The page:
Liquid Footprints

Impressions on the Koran

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Koran PageI am about halfway through reading an English translation of the Koran. It is an interesting read. Even the English is poetic; although I heard it is best to read it in Arabic for the beauty. I don’t know Arabic, however.

At any rate, I am going to highlight a few aspects that I found interesting.

1) The Koran fills in gaps in the Torah’s stories. The Koran is full of little details and events that happen between scenes in the Torah. For example, the Torah says little about what exactly happened to Joseph after his brothers sold him to slavery. The Koran fills in the events between the slavers and details on how he became a high court official in Egypt.

2) Infidel is a very narrowly used term. From what I understand, infidel namely refers to polytheists and Trinitarians that oppressed and commit violence against the early Muslim communities. Christians (those that didn’t believe in the Trinity) and Jews were just fine.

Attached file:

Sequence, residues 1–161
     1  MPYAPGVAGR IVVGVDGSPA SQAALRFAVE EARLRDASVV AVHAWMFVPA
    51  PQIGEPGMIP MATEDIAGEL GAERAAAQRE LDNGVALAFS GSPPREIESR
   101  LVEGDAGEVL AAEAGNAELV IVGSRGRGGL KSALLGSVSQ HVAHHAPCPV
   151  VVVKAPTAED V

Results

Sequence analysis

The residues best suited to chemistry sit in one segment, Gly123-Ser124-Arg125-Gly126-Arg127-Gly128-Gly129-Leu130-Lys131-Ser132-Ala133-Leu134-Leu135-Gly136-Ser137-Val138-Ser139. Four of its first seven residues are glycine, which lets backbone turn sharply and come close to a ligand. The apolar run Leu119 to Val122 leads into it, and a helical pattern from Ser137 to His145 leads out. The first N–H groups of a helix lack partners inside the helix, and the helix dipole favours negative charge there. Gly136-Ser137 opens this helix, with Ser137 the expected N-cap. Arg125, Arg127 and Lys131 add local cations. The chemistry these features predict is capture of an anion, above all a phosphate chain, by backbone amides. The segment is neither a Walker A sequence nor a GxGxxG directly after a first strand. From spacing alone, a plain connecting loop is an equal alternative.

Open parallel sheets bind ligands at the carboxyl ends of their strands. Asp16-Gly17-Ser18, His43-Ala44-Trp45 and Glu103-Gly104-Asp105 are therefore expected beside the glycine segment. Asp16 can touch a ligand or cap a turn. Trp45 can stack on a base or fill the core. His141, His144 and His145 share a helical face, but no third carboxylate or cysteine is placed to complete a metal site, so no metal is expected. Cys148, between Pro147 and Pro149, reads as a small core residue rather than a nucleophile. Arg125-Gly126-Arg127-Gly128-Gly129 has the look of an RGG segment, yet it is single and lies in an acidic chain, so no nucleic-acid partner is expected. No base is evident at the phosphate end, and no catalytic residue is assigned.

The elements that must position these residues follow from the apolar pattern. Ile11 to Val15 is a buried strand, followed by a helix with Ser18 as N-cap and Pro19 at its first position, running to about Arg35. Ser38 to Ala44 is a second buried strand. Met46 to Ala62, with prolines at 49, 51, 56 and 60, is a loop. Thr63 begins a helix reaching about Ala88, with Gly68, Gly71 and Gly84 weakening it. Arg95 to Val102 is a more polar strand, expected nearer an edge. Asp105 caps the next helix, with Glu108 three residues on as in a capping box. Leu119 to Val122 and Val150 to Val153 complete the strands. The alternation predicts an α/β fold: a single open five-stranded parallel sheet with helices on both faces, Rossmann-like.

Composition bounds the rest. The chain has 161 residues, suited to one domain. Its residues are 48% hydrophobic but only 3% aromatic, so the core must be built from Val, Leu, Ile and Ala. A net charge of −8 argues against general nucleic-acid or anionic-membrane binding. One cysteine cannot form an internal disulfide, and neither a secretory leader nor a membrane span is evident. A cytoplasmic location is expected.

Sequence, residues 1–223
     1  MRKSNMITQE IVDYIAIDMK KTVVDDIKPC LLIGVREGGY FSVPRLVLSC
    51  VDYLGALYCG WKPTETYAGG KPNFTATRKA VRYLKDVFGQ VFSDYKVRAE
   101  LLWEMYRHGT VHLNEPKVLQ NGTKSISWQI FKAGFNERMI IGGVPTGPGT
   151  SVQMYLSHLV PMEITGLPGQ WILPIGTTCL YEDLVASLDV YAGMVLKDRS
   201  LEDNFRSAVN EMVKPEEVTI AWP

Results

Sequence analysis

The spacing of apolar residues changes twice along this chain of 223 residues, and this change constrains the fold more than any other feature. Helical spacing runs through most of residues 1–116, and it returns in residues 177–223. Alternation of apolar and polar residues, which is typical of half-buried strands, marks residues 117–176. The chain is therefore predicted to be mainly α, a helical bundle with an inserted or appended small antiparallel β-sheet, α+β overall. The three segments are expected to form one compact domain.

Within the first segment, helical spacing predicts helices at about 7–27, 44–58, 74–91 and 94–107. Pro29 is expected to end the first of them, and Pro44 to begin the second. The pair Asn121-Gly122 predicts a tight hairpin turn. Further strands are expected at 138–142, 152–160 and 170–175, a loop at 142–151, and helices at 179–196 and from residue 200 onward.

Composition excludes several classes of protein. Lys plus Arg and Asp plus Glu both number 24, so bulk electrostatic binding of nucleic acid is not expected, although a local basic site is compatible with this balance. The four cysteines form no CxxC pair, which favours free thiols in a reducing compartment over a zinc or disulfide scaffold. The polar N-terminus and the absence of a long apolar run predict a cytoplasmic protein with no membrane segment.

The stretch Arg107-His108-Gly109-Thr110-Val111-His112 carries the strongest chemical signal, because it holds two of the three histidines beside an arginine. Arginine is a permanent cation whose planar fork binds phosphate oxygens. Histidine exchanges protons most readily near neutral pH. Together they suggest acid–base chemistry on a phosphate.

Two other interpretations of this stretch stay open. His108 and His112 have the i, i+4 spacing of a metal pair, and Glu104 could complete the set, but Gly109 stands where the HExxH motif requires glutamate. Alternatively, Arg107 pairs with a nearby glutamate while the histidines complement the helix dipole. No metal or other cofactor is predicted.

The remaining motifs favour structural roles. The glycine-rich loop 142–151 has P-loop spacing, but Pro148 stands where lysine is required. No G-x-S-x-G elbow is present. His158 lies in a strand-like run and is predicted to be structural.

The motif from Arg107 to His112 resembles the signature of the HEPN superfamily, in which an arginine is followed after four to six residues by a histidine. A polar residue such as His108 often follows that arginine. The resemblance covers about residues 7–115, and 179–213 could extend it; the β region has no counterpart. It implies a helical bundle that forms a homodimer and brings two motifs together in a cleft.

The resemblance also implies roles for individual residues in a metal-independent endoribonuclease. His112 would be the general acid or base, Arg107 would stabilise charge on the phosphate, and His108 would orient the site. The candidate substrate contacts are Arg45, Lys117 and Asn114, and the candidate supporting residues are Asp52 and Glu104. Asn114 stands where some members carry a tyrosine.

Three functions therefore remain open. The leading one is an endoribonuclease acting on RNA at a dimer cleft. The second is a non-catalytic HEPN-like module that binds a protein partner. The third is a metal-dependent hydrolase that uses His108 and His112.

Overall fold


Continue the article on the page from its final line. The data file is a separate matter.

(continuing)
3) The Koran is firmly against the doctrine of the Trinity. Christians take the Trinity for granted now, but at one time it was considered heresy. The Eastern Christian church (founded by the apostle Thomas) was against Trinitarianism. These were the Christians that the Koran doesn’t have a problem with.  The Koran expressly says God has no begotten son (Sura  XVIII). The Koran tells the story of Jesus, but it doesn’t elevate Jesus to the Godhead. This is in line with what the Eastern Church and early Christianity believed. Although I don’t think the Koran goes as far as saying Jesus was divine. There is a difference between being divine and being a part of God.

4) Eblis (Satan) was cast out of heaven for not bowing to Adam. The Koran says God ordered all the angels to bow down before Adam. All did except Eblis, who refused to worship anyone but God. God cast him out of heaven because of it. It is a very interesting contrast to the typical ideas of Satan being a rebel. Here, Satan defies God seemingly out of love for Him.

Finally, the Koran is full of messages about peace and how to live with others. There are many passages about battling the infidel, but they set limitations and contain a very narrow definition of infidel. The Koran reads much like the Torah but has less violence to it. It mainly recounts warnings of what happens when one doesn’t see God as the only God. The messages are directed toward polytheists and Trinitarians.  The Koran also has a focus on compassion and the duty of helping those in need.

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